Introduction to the Column: Reflective Practice

Kie Yamamoto, Kanda University of International Studies, Japan

Yamamoto, K. (2019). Introduction to the column: Reflective practice. Relay Journal, 2(1), 42-44.

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Welcome to the third reflective practice column. The second column of Reflective Practice in Advising in Volume 2(1) focused on advisors’ professional development through reflective dialogues. In particular, it disseminated fruitful ideas for ongoing mentoring sessions among new advising professionals. The necessity of peer-supported advisor training has been discussed not only to acquire a set of advising skills but also a philosophical background (e.g. Kato, 2012; Mozzon-McPherson, 2003) to effectively support learner autonomy. The prominence of professional development through intentionally-structured reflection with others is also remarked as the core of changing a thinking process or an existing belief, which leads to transformational learning (Argyris & Schön, 1974; Brockbank, McGill, 2006; Kato, 2012).

In this third issue, the reflective practice column begins with an insightful piece of teacher reflection drawing on intentional reflective dialogue. Ewen McDonald shares his experience of a mentoring session with his colleague, illustrating in-depth analysis of their dialogues. He provides a description of the intentional reflective dialogues broadened perspectives by using an advising tool, “Wheel of Reflection”. He particularly highlights the affective dimension of reflective dialogue as a crucial element of promoting further reflection. The author concludes with the significance of reflective dialogue as an opportunity for mutual growth among teaching professionals.

Additionally, we have launched a new project under this column to disseminate advising practice and expand research in advising in language learning. Following the primary aims of the experiment, Kie Yamamoto introduces three emerging themes, “advisor as an empowerer”, “advisor as a significant other” and “shifting roles in continuous advising sessions” drawing on advisors’ firsthand experiences. A group of learning advisors at Kanda University of International Studies share short reflections related to the theme “The most memorable advising experience”. Taking a narrative approach, the author sheds light on advisors’ selves and identities as crucial aspects of professional development for advisors.

There are three papers in this section, starting with accounts by Curtis Edlin and Amelia Yarwood, who share their experience of being “an empowerer” when working with at-risk students. Whereas the degree of directiveness becomes a concern in advising, their stories underline the importance of scaffolding learner autonomy with supportive intervention. In the second paper, Yuri Imamura and Scott Shelton-Strong reflect on their experience of being “a significant other” when their advisees were willingly sharing their personal stories. They provide illustrative examples of the socially-constructed nature of advising dialogues and the advisor’s reflexivity. Lastly, Huw Davies, Robert Stevenson and Isra Wongsarnpigoon describe their shifting roles in continuous advising sessions. Their stories illuminate the value of spending ample time to build rapport with learners, which leads to promoting deeper reflection.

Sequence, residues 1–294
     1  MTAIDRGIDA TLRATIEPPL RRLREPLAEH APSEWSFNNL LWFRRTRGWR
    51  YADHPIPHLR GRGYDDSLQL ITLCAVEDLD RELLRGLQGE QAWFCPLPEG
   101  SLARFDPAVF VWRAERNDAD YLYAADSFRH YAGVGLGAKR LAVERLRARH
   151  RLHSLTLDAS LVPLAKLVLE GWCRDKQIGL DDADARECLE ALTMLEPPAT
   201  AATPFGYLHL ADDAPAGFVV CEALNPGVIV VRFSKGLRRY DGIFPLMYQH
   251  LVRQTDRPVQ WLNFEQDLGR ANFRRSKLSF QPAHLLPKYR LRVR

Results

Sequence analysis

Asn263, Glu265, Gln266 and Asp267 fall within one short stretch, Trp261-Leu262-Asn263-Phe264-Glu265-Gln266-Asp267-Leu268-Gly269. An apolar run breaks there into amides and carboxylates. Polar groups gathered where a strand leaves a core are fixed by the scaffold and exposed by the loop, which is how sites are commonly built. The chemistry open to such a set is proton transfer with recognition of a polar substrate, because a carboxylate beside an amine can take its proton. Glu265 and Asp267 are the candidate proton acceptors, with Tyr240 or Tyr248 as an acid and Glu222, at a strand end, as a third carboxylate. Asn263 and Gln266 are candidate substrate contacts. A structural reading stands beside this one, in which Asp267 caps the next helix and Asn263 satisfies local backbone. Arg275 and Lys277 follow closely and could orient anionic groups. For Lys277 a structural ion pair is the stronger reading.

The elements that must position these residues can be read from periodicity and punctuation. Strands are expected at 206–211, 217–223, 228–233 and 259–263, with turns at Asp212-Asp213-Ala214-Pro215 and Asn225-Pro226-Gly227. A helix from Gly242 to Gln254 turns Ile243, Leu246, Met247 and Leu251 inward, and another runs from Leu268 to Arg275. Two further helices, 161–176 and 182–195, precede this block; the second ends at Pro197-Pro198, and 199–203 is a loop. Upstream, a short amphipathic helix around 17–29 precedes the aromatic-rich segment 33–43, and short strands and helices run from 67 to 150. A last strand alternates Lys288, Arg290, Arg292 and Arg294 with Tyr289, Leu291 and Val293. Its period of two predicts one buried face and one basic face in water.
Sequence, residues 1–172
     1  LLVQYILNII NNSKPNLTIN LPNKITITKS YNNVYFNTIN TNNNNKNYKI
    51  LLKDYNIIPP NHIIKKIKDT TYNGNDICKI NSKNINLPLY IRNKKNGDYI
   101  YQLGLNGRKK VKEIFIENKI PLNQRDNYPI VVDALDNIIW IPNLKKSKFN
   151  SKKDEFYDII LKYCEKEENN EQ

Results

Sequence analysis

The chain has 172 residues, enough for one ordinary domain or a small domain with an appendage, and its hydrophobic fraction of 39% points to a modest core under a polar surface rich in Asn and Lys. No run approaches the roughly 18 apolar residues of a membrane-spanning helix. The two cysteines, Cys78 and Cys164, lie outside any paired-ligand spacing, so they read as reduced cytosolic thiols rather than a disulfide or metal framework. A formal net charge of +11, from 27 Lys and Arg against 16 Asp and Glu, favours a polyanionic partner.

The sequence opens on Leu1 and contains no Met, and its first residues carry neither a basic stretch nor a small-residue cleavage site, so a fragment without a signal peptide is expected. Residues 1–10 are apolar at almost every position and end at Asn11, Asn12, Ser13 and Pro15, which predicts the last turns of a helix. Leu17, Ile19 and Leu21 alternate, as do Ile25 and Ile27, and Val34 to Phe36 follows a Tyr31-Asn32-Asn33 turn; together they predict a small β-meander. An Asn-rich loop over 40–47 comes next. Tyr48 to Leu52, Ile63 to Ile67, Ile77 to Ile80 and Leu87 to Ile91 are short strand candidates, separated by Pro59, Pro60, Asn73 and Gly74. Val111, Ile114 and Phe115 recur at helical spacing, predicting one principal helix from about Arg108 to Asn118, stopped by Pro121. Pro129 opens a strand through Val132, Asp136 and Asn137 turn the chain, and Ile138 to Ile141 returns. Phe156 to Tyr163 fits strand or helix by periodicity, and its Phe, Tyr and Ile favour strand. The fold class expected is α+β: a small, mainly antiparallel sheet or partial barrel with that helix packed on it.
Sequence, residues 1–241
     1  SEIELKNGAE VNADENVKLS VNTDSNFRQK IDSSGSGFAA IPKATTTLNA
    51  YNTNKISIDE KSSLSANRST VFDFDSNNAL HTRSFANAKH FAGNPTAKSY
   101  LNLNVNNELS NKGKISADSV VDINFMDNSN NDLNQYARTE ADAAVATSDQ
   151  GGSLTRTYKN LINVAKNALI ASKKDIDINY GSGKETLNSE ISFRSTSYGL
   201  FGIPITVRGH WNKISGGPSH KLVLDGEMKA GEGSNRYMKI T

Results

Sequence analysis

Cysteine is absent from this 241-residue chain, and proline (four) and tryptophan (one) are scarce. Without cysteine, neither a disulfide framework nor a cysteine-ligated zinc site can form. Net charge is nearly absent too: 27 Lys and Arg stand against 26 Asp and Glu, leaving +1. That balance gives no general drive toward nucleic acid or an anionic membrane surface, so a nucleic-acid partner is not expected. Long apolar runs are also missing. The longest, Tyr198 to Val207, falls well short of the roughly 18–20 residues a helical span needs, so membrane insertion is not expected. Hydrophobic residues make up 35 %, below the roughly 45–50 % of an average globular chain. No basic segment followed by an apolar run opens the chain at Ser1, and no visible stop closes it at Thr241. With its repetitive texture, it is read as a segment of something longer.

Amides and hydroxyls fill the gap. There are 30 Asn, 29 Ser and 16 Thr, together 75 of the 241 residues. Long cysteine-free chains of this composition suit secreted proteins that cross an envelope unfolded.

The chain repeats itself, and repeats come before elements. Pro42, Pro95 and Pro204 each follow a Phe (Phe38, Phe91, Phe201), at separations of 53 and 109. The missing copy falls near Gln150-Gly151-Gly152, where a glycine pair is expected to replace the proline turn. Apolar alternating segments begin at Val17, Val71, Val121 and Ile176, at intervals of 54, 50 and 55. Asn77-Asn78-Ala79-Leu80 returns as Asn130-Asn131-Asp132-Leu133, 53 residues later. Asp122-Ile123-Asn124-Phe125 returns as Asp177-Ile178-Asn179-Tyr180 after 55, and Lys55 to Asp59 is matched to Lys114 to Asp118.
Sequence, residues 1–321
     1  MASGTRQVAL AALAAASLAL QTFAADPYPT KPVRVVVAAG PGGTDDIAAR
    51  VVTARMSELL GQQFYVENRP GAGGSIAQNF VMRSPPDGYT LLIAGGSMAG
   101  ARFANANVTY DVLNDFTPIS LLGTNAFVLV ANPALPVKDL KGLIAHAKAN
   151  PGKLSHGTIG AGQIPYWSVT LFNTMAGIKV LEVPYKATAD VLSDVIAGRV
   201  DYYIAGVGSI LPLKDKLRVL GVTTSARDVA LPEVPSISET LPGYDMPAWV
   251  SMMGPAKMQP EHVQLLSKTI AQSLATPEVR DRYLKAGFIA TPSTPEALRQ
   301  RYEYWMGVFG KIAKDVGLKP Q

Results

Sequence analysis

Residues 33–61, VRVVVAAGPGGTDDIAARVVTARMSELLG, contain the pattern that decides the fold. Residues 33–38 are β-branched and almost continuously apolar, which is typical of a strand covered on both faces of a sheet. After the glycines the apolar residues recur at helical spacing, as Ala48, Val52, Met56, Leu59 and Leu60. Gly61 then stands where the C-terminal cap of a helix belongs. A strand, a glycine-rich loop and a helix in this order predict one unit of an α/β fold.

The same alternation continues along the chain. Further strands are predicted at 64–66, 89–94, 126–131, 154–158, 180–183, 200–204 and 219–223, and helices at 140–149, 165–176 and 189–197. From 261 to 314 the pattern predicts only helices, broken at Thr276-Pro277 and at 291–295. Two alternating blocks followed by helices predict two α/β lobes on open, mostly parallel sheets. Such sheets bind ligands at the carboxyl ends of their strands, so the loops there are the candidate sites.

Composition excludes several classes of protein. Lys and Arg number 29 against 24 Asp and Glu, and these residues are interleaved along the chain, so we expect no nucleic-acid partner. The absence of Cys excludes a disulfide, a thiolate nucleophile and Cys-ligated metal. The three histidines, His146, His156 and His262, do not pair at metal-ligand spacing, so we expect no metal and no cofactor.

The Reflective practice column welcomes reflective papers from teaching professionals as well as advisors related to mentoring sessions, written dialogues and group reflective practices. For the sub-column exclusively designated for advisors, the call for contributions will be announced on the Relay Journal website prior to the submission deadline. Please contact Kie Yamamoto ( for further information. New ideas are also always welcome.

Notes on the Contributor

Kie Yamamoto is a learning advisor at Kanda University of International Studies. She holds an M.S.Ed from Temple University Japan, and is currently pursuing an Ed.D at the University of Bath in the UK. Her research interests are language learner identity, social learning theory, student engagement, and narrative analysis.


Argyris, C., & Schön, D.A. (1974). Theory in practice: A theory of action perspective, Reading, Mass: Addison Wesley.

Brockbank, A., & McGill, I. (2006). Facilitating reflective learning through mentoring and coaching. London, UK: Kogan Page.

Kato, S. (2012). Professional development for learning advisors: Facilitating the intentional reflective dialogue. Studies in Self-Access Learning Journal, 3(1), 74-92. Retrieved from

Mozzon-McPherson, M. (2003). Language learning advising and advisers: Establishing the profile of an emerging profession. IX Trobada de Centres d’Autoaprenentatge , 11-30.  Retrieved from